Tuesday, Feb. 28, marked the end of the Covid-19 State of Emergency in California as the Executive Order issued on March 4, 2020, has now been officially rescinded.
The Covid state of emergency was first declared by Governor Gavin Newsom in March 2020, and since then has been extended on five separate occasions. The Governor provided months of notice that the pandemic executive orders would end on Feb. 28, 2023, when he made the initial announcement in October. The purpose of providing this additional notice was to allow local entities the time needed to make the transition back to existing legislative rules.
Portions of nearly 27 executive orders were still in effect as a result of the original emergency order, and those provisions have now expired. This number is less substantial when we consider that there were 74 executive orders issued under the authority of the original emergency order with more than 450 provisions or changes of existing law.
These included rules related to the processing of Covid tests, waiving regulatory protections to allow for more expansive vaccinations, and to regulating the price of infant formula. Now that the original March 4, 2020 order has ended, these provisions are all no longer in effect.
So, which rules remain in place now that the emergency order has ended? These will be the rules that have separate legislative authority, or have been made by an agency, such as the Courts or Cal-OSHA, under their own authority.
Cal-OSHA recently released updated regulations on Feb. 3, 2023, regarding Covid in the workplace, continuing the requirements of exposure notification, and provision of testing. However, Cal-OSHA removed the requirement of wage continuation which was included in the prior emergency regulations.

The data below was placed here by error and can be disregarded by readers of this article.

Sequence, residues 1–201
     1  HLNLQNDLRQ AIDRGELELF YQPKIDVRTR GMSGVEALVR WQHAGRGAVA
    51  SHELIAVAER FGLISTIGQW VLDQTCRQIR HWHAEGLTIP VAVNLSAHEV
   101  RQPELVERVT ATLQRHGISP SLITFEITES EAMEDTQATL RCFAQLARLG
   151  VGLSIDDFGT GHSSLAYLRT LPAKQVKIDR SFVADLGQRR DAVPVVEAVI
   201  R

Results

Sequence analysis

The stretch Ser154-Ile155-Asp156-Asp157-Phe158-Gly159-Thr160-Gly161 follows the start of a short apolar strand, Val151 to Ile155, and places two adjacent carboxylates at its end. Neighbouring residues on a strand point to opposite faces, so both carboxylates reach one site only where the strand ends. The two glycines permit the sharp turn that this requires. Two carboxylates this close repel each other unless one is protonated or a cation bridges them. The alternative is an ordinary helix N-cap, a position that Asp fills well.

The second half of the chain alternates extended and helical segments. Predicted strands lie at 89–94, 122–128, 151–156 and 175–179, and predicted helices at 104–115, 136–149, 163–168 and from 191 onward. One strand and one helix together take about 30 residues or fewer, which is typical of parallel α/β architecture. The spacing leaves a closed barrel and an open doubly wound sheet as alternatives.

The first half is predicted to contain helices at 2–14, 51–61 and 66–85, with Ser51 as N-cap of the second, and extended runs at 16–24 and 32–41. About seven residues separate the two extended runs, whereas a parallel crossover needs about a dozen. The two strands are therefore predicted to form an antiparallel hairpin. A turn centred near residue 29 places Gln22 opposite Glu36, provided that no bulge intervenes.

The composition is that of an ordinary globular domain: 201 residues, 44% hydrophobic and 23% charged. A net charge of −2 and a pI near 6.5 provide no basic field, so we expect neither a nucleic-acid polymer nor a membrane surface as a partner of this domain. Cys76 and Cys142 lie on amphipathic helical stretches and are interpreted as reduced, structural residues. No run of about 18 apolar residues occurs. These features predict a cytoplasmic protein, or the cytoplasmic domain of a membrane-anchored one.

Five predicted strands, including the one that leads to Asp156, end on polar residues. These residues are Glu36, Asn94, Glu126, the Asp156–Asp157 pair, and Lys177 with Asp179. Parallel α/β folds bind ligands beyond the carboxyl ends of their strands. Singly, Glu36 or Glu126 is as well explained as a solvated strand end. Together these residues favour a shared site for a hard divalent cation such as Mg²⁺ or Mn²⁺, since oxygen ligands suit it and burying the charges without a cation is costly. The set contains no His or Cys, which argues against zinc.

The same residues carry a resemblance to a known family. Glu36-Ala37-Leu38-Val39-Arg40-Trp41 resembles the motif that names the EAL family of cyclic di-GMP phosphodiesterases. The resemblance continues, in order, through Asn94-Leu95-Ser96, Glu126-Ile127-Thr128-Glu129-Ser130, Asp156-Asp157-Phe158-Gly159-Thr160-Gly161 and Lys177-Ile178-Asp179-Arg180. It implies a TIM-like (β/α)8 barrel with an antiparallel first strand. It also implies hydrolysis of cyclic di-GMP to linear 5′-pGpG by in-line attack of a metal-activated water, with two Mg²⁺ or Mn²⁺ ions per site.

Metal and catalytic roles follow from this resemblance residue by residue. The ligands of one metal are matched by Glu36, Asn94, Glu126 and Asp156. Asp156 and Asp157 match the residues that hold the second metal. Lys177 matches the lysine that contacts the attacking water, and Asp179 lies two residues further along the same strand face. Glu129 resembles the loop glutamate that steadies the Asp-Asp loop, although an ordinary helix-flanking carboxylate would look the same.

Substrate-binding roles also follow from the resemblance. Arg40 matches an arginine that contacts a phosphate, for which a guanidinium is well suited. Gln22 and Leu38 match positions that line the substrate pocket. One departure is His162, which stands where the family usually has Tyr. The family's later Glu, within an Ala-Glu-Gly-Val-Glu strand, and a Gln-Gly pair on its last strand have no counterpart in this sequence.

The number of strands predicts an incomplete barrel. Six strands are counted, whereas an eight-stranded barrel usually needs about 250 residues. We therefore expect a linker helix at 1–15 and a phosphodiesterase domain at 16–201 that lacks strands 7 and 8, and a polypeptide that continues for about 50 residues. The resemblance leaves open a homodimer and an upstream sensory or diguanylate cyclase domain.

Flexibility in hospital bed limits will also now end. Previously, additional hospital beds could be added on a temporary basis to accommodate a surge in Covid patients.
While some helpful measures are expiring, pending legislation would allow for nurses and lab assistants to prescribe Covid medications and process test results. AB 269 would create a statutory exemption to allow nurses to dispense Covid medications to patients and not require that this be done by a physician.
This provision, if passed, would be temporary and would expire on Jan. 1, 2024.AB 269 would also allow for testing of suspected Covid samples to be processed by non-physicians in laboratories who handle Covid testing. This provision was also previously provided for by executive order, but now a more permanent legislative authority would allow this process to continue.
In the workers’ compensation realm, we did have AB 1751 which extended but did not alter the Covid presumption laws for employees who contract Covid at work. The Covid presumptions will continue to remain in effect until Jan. 1, 2024. There is no bill currently pending before the legislature that would again extend the expiration date.
While the ending of the state of emergency is seen as a significant day in Covid history, the virus will literally continue to live among us. Other changes that will continue include remote hearings at the WCAB district offices, Zoom depositions, and electronic service of documents, to name a few. The effects of the pandemic are here to stay.
Zane P. Uribarri is a partner at Bradford and Barthel’s Ontario office, where he is a member of the firm’s Covid Response Team. If you have questions about workers’ compensation defense issues, please feel free to contact Zane at firstname.lastname@example.org or by calling 909.476.0552.
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